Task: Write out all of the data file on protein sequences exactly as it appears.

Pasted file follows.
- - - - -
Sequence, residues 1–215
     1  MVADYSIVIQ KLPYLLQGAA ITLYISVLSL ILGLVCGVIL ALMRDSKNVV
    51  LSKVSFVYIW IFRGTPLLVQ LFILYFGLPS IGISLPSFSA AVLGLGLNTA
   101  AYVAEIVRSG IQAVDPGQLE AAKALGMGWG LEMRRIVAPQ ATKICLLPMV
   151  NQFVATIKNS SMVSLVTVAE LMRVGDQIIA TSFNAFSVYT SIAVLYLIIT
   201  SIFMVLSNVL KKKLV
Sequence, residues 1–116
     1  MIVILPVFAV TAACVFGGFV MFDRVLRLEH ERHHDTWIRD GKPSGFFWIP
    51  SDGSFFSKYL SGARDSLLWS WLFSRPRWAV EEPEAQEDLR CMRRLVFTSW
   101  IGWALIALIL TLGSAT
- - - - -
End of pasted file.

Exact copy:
Sequence, residues 1–215
     1  MVADYSIVIQ KLPYLLQGAA ITLYISVLSL ILGLVCGVIL ALMRDSKNVV
    51  LSKVSFVYIW IFRGTPLLVQ LFILYFGLPS IGISLPSFSA AVLGLGLNTA
   101  AYVAEIVRSG IQAVDPGQLE AAKALGMGWG LEMRRIVAPQ ATKICLLPMV
   151  NQFVATIKNS SMVSLVTVAE LMRVGDQIIA TSFNAFSVYT SIAVLYLIIT
   201  SIFMVLSNVL KKKLV
Sequence, residues 1–116
     1  MIVILPVFAV TAACVFGGFV MFDRVLRLEH ERHHDTWIRD GKPSGFFWIP
    51  SDGSFFSKYL SGARDSLLWS WLFSRPRWAV EEPEAQEDLR CMRRLVFTSW
   101  IGWALIALIL TLGSAT